The excellent Gastropod podcast episode titled  “The Bitter Truth” discusses a study on diet and genetics in African communities that seeks answers to the bitterness puzzle. As the evolutionary seat of humanity, the population of Africa is the most genetically diverse, making it ideal for a genetic study of differences in bitterness perception. But researchers like Sarah Tishkoff found that individuals within a community consuming a similar diet perceive bitterness differently from each other, and other communities with completely different diets are just as diverse. As Tishkoff explains it, the variation in bitter receptors from person to person is independent of region, community, or diet, and indicates that the perception of bitterness in humans on a large scale is more complex than just a warning signal to avoid toxic foods.

To further complicate the issue, scientists like Robert Margolskee have also discovered that the human body has bitter receptors all throughout the GI tract, and in other unlikely places such as the lungs, sinuses, and testes—yes, you read that right, testes (Fun fact: the testes also have receptors for sweet and umami. Any possible uses for these oddly-placed flavor receptors, evolutionarily or otherwise, is way beyond the scope of this article). Margolskee tells us that scientists aren’t sure what purpose these bitter receptors serve, although he has a working hypothesis that they might provide a link to fertility research and the possibility of developing a non-hormonal male contraception.

Like so many subtopics in flavor research, the evolutionary reason for bitterness is elusive and complex. While we can point to some compelling connections between things like toxicity and bitterness, we mostly consume amari for cultural, traditional, or simply gastronomic reasons. Claims about what bitterness might mean or do for us are often based on historical anecdote or, at best, sparse data in a hyper-complex chemical research space.

How is amaro made?

The principle method of amaro production is extraction by maceration. Roots, barks, flowers, seeds, spices, berries—you name it—are placed in an ethyl alcohol solution which has typically been distilled from either grapes or grains. The alcohol, an effective solvent, pulls active ingredients and bitter flavors from the botanicals, and the resulting liquid is combined with a little (or a lot) of sugar and bottled for consumption. Variation in amari comes primarily from the selection of botanicals—often a closely guarded recipe that varies widely from producer to producer and region to region—and also from maceration time, solvent concentration (proof), and the final sugar content (often very high in modern commercial recipies).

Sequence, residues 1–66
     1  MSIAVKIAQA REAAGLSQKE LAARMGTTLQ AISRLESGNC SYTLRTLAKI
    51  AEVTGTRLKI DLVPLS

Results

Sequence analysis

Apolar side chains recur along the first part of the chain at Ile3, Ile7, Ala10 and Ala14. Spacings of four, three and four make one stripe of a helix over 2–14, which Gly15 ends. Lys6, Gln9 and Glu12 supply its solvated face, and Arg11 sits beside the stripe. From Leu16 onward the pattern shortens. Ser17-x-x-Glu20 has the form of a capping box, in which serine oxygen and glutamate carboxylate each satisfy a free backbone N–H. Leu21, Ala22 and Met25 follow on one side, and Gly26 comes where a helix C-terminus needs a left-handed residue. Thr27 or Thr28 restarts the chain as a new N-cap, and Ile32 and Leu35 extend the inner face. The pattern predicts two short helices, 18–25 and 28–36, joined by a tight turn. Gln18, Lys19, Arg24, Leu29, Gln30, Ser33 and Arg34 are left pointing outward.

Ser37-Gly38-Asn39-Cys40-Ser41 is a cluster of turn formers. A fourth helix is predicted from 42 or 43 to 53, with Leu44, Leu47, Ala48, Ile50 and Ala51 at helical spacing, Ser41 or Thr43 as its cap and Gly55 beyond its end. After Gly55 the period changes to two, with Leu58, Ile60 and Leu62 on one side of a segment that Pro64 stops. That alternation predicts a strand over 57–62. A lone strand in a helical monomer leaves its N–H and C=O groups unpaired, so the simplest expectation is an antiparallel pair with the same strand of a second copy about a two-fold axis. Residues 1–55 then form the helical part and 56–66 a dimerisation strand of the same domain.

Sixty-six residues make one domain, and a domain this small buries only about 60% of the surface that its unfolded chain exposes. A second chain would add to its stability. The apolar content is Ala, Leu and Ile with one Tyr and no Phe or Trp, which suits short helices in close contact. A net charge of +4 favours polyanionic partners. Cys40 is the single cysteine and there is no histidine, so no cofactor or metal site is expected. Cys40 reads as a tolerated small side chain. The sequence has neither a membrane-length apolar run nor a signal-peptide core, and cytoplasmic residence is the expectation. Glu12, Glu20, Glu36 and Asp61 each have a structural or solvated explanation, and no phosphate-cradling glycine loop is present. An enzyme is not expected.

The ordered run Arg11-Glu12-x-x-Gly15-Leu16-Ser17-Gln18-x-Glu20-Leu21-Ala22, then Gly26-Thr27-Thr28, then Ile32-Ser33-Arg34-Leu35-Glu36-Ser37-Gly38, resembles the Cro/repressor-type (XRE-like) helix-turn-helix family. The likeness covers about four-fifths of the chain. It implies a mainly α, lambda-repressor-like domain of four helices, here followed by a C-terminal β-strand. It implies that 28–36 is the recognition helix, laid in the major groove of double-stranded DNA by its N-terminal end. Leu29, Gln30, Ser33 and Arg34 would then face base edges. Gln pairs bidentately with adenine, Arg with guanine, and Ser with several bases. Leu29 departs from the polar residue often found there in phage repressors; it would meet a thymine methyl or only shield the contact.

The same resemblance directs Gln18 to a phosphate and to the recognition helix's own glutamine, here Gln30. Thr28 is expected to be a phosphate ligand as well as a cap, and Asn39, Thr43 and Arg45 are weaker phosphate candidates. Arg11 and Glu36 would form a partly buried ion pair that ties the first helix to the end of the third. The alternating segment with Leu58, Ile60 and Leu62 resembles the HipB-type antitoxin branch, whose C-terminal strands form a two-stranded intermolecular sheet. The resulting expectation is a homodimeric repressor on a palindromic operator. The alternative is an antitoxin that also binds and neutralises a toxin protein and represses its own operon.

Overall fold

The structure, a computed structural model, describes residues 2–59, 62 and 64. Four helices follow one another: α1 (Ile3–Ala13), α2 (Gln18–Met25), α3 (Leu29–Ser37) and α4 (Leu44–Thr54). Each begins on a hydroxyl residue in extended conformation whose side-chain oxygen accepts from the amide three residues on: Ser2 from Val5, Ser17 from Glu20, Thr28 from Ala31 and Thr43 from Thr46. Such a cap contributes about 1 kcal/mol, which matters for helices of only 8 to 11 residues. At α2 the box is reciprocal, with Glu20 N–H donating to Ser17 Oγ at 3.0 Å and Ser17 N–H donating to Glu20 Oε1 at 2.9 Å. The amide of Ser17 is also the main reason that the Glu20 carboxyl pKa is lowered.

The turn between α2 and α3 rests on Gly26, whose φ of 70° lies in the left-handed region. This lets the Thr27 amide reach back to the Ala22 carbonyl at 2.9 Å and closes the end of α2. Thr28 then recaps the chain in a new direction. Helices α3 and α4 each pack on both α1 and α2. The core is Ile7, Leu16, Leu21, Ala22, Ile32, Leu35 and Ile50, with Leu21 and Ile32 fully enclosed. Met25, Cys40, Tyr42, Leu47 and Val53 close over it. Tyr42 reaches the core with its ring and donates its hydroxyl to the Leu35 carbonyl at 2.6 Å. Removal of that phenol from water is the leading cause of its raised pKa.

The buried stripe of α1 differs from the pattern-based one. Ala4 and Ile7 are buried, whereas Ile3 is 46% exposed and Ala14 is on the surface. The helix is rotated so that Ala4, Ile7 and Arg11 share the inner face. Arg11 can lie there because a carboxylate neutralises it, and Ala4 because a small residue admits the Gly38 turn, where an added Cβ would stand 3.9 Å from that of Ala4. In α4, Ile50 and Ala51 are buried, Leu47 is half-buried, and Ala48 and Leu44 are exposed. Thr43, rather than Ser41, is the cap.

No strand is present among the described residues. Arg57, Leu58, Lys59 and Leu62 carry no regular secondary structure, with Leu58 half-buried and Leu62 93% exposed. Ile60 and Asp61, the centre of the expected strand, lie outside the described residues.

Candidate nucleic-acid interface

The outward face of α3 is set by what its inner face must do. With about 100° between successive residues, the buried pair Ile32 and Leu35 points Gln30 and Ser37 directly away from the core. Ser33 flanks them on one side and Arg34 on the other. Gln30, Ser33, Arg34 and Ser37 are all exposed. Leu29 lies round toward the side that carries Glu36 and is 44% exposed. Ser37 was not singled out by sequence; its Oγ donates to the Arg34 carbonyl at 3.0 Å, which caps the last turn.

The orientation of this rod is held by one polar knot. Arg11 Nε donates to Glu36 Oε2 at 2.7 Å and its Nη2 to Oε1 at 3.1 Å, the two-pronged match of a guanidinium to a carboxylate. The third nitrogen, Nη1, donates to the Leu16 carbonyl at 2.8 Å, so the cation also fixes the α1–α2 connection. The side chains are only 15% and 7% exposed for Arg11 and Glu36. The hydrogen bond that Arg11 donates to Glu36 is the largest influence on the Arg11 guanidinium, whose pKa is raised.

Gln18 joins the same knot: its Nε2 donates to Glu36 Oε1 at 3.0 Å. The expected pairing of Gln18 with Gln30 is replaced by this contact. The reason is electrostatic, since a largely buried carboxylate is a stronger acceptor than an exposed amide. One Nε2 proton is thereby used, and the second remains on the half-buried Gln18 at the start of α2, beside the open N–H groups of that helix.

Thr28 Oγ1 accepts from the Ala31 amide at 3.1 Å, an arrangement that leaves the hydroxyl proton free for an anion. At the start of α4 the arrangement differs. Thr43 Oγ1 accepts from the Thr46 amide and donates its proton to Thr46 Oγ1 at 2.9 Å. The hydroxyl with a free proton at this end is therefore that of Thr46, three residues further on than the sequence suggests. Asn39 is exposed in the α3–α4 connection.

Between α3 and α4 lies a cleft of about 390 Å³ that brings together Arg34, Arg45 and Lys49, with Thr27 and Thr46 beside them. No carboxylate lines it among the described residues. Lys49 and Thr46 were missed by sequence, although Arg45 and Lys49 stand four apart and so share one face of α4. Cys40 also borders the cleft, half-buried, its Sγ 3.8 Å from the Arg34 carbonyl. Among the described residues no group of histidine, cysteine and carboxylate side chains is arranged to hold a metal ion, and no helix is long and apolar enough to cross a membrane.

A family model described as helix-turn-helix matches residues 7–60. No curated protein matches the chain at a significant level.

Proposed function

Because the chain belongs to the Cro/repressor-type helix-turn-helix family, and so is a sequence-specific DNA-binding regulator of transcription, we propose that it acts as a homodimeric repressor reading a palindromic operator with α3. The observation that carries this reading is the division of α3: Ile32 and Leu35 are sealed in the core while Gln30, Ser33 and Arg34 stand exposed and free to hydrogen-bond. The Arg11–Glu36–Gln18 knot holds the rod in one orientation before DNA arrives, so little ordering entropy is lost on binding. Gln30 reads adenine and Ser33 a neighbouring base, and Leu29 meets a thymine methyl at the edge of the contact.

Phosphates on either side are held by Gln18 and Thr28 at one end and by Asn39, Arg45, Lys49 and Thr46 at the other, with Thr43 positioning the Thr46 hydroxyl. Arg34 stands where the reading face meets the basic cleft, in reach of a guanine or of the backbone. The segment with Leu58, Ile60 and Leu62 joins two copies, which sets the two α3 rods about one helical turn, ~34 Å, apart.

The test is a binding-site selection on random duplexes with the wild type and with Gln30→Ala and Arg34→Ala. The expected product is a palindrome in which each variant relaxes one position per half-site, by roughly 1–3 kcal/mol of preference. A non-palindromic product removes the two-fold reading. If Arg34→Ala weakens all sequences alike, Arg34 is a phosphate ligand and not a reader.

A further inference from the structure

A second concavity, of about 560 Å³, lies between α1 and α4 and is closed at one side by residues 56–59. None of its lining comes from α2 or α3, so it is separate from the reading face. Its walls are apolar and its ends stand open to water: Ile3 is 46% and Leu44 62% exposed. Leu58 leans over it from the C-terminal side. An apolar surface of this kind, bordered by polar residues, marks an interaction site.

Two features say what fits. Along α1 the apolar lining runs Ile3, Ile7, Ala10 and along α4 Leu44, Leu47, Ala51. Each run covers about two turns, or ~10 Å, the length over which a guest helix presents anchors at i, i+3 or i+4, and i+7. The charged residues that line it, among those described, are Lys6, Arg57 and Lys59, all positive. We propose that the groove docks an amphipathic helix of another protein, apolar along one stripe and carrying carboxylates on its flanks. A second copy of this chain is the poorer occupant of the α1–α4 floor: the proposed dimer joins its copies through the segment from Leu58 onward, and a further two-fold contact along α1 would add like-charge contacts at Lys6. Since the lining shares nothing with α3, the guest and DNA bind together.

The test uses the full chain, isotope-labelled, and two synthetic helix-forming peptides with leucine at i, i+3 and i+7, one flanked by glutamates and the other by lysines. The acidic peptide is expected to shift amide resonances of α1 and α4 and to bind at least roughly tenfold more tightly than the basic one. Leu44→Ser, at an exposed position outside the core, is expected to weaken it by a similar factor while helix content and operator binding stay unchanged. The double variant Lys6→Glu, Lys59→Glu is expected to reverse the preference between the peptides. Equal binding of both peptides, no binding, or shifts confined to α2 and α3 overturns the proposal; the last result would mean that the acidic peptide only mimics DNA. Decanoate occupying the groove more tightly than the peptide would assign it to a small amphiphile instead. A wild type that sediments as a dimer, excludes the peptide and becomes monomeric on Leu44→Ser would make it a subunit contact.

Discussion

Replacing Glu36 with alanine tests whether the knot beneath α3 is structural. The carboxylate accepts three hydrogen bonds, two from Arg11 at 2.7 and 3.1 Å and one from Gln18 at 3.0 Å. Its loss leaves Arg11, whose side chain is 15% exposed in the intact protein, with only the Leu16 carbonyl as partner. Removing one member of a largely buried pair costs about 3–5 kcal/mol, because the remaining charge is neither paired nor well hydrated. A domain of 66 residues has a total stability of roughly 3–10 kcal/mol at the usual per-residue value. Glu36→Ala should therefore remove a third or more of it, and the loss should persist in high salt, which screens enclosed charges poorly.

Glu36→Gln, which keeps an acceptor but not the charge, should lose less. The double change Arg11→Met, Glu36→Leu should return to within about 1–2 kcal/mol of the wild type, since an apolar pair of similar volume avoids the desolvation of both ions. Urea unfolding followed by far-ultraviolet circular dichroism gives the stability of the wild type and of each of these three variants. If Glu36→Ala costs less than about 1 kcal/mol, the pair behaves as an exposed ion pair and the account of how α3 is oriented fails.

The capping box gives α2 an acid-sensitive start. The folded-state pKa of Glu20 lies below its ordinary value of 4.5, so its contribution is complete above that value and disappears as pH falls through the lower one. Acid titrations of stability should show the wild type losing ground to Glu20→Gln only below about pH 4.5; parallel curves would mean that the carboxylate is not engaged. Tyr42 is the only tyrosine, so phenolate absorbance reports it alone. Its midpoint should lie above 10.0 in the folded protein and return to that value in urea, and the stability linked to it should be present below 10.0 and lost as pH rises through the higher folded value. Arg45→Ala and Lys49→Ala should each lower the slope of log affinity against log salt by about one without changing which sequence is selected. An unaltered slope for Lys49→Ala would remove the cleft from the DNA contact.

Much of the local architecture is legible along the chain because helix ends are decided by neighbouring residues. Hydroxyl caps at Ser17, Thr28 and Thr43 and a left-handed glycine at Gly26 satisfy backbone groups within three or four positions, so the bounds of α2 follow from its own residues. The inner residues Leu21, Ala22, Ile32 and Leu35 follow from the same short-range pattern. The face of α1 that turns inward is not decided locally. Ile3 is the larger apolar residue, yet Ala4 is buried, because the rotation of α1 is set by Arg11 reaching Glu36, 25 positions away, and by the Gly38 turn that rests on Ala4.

Matteo Zed also mentions some high tech, modern extraction methods involving things like ultrasound or a Naviglio Extractor, which removes the compounds from botanicals without the use of heat and much more quickly than more traditional methods. But the more traditional methods of extraction—maceration, percolation, infusion, digestion, decoction, and distillation—are still the ones favored most by amari producers today.

At Pekut and Carwick, we like maceration, as it requires very little specialized equipment and we think it results in a more stable product. Our Vin d’Orange and umeshu liqueur are made this way, and we started playing with a new maceration of green walnuts for our house-made nocino release (cool your jets, it wont be ready for a year or two).

How many amaro brands are there?

Matteo Zed documents just over 300 brands of Italian Amaro in his book, each made with their own proprietary blend of botanicals, and many other countries produce amari-like bitters such as Danish Gammel Dansk, Czech Becherovska, and German Kräuterbitter. Some of these spirits are what Zed refers to as “true amari,” containing less than 70 grams of sugar per liter, whereas spirits like Averna fall into the amari liqueur category due to their higher level of sugar content. The use of these bitter spirits—mostly the Italian iterations—in craft cocktails has resulted in an uptick in popularity stateside, and we even hold out some hope for an amaro redemption of the American national sweet tooth.

Amaro, straddling both medicinal and recreational consumption (at least anecdotally), is a fascinating and centuries-old relic of early modern chemistry, medicine, and commercial beverage production. Even if that sunset-colored Aperol spritz you’re drinking doesn’t cure what ails you, it is surely broadening the spectrum of flavors that your palate can enjoy,  and variety is most certainly the spice that makes life interesting. Something to mull on over your next negroni.